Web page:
Web Design and Development

StudioPress Review, Part 3: Genesis Child Frameworks Suck

Given all of the bragging about what the Genesis framework is, and how it supposedly makes a web designer’s life easier, it’s odd how any and all code samples have been left out.

Notice that you are never shown any code. Even in the forum, the code is rarely shown. It’s just another example of how StudioPress is dishonest with its buyers and potential buyers; it’s dishonesty by omission.

As was mentioned on the previous editorial, the best part of WordPress — the reason it got so popular — was that it separated design from function from content. Yet StudioPress found a way to re-merge function and design, and made it difficult/impossible in the process.

Below you’ll find several samples of the current StudioPress themes, compared to the Revolution/StudioPress themes of yesteryear, as well as other current themes from other authors. So before you make the mistake of buying it, ask yourself this: Is this really want I want to edit? Because honestly, it’s almost easier to just write a theme from scratch!

Note: If you’re planning to skim the editorial, and are only looking for suggestions on which themes to use, then here it is: ThemeForest, Elegant Themes, Gabfire Themes, FlexiThemes, AppThemes and Graph Paper Press. Each of those has numerous easy-to-customize themes. ThemeForest alone has hundreds of excellent themes from several respected authors; it succeeds where StudioPress fails.

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Revolution Themes, Early StudioPress Themes

What made Revolution such a great theme was a combination of factors:

  • It looked good — slick, professional, not gaudy, not gimmicky, etc
  • It had excellent, well-organized code — example: styles.css, home.php
  • When something was complicated, it had ample mark-ups notes — example: breadcrumbs

If you wanted to change the homepage, for example, that was easy to do — simply change CSS as desired (styles.css), and then make changes to home.php in WordPress. Add, remove or manipulate PHP and/or HTML as needed. That’s how most themes were, and are to this day.

Here’s the home.php file from Allure, one of the pre-Genesis StudioPress magazine-style themes:

Notice that it’s nothing unusual — some WordPress PHP syntax, some DIVs for styling, and a little bit of HTML. I could easily change some or all of that in a matter or hours, making a custom site. Again, all that’s required to change the homepage is editing home.php.

It’s a nice wireframe to build your own custom site.

Complexity 2 Theme from ThemeForest

The Complexity Theme is one of the nicest and most feature-rich themes on Theme Forest. It can make portfolios; present video, audio, and photo content; and has a wide array of presentation options — lightboxes, slideshows, font options and more. Kudos to that author for doing such a nice job on it!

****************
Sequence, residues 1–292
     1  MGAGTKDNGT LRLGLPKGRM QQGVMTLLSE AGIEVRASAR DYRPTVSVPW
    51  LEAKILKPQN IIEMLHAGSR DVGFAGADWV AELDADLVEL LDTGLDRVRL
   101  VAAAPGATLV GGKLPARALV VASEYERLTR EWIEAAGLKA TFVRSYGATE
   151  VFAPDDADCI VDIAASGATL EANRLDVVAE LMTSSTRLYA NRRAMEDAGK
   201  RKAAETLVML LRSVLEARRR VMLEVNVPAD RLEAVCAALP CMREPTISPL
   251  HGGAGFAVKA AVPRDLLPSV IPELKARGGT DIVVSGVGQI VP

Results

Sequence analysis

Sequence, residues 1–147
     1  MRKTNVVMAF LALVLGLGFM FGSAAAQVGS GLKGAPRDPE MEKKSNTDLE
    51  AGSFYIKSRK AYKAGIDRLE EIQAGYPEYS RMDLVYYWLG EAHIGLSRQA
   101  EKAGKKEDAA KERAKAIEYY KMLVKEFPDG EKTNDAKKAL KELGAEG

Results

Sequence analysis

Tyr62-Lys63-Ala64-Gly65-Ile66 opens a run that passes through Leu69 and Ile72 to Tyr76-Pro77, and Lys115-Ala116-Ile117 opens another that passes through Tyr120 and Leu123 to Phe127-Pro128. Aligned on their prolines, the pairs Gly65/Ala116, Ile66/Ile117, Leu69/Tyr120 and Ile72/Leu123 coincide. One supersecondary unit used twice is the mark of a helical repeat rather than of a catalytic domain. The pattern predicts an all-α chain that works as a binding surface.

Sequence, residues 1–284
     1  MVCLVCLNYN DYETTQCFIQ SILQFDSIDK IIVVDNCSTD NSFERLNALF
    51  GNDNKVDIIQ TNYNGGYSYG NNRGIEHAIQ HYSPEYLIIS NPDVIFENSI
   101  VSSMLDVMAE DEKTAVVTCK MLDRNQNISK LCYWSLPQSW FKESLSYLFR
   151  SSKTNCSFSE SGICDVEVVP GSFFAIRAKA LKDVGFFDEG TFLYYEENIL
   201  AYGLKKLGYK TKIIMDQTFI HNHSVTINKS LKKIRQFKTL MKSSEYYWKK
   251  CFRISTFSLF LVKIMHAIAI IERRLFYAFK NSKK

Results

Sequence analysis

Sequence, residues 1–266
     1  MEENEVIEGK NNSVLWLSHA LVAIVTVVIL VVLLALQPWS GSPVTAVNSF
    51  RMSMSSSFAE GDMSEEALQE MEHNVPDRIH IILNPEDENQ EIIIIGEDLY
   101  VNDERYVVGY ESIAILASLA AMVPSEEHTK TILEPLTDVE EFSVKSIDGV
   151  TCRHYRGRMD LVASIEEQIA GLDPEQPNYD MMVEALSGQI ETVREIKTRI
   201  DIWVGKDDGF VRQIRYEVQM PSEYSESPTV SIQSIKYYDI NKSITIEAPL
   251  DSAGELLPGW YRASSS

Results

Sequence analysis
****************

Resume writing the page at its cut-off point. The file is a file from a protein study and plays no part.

While that theme doesn’t have a home.php, instead uses the index.php, and page templates are used for the inner pages. It’s not really complicated, contrary to its name — you can edit just one file to customize as desired. For example:

Notice all of the markup that’s been commented out for users. Things like that are extremely helpful when editing a theme! And although our site removes space/indentation, the code has plenty of it. For example, all of the if/then/else statements are spread across multiple lines, to make it easier to understand.

The theme is very, very nice:

StudioPress Genesis Framework

The StudioPress Genesis framework and child themes are, by contrast, a mess.

  • For one, all of the code is spread across a minimum of two theme folders.
  • The framework contains some of the code. The child theme may or may not override that code.
  • When the framework is missing the code, the child theme has the new added code.
  • And sometimes — CSS, for example — neither one appears to have the code.

And that’s just the beginning!

  • The child theme folder has very few files present, The Focus theme, for example, has only functions.php, home.php, and styles.css

This is home.php:

Let’s look in the framework! Here’s index.php

To actually find anything, you’ll have to:

  1. Look up code with the Firebug browser add-on, or a browser’s native “inspect element” feature,
  2. Use a freeware tool like grepWin to search through the theme folders,
  3. And hope it’s the right one if multiples are present.

Everything is wrapped in Genesis code, in little snippets here and there. The full page is never in a single location, where it can be easily edited. Many times, the code that controls a single page is in multiple files.

Focus isn’t even a fancy, feature-rich theme. It’s just a blog!


Of all the WordPress themes out there, free or premium, I’ve never seen something as screwy as Genesis. It’s really not a WordPress theme, but a PHP template and application system built on top of WordPress. It’s proprietary, it’s hard to edit, and it’s overall a nuisance.

ThemeForest alone has a huge selection of themes that are easy to edit, look great, have more features, and are about half of StudioPress $80 price tag ($45 each). It’s an inferior product that costs more.

And on a final note, I want to mention hosting…

In addition to getting a good theme for your WordPress site, make sure you’re using good hosting! Don’t get an “unlimited” host owned by EIG, or a brand like Godaddy or 1&1 Internet. Don’t use HostGator, BlueHost, JustHost, Fatcow, etc — they’re all owned by EIG, and they all have slow page load times that hurts your SEO and frustrate your users. There are better hosts! If you want unlimited, stick to a reputable company like Site5 or JaguarPC. Or use a host like StableHost, where your resource allocations (space/bandwidth) are guaranteed.

Have comments or feedback? — Be sure to share your thoughts at this forum post.

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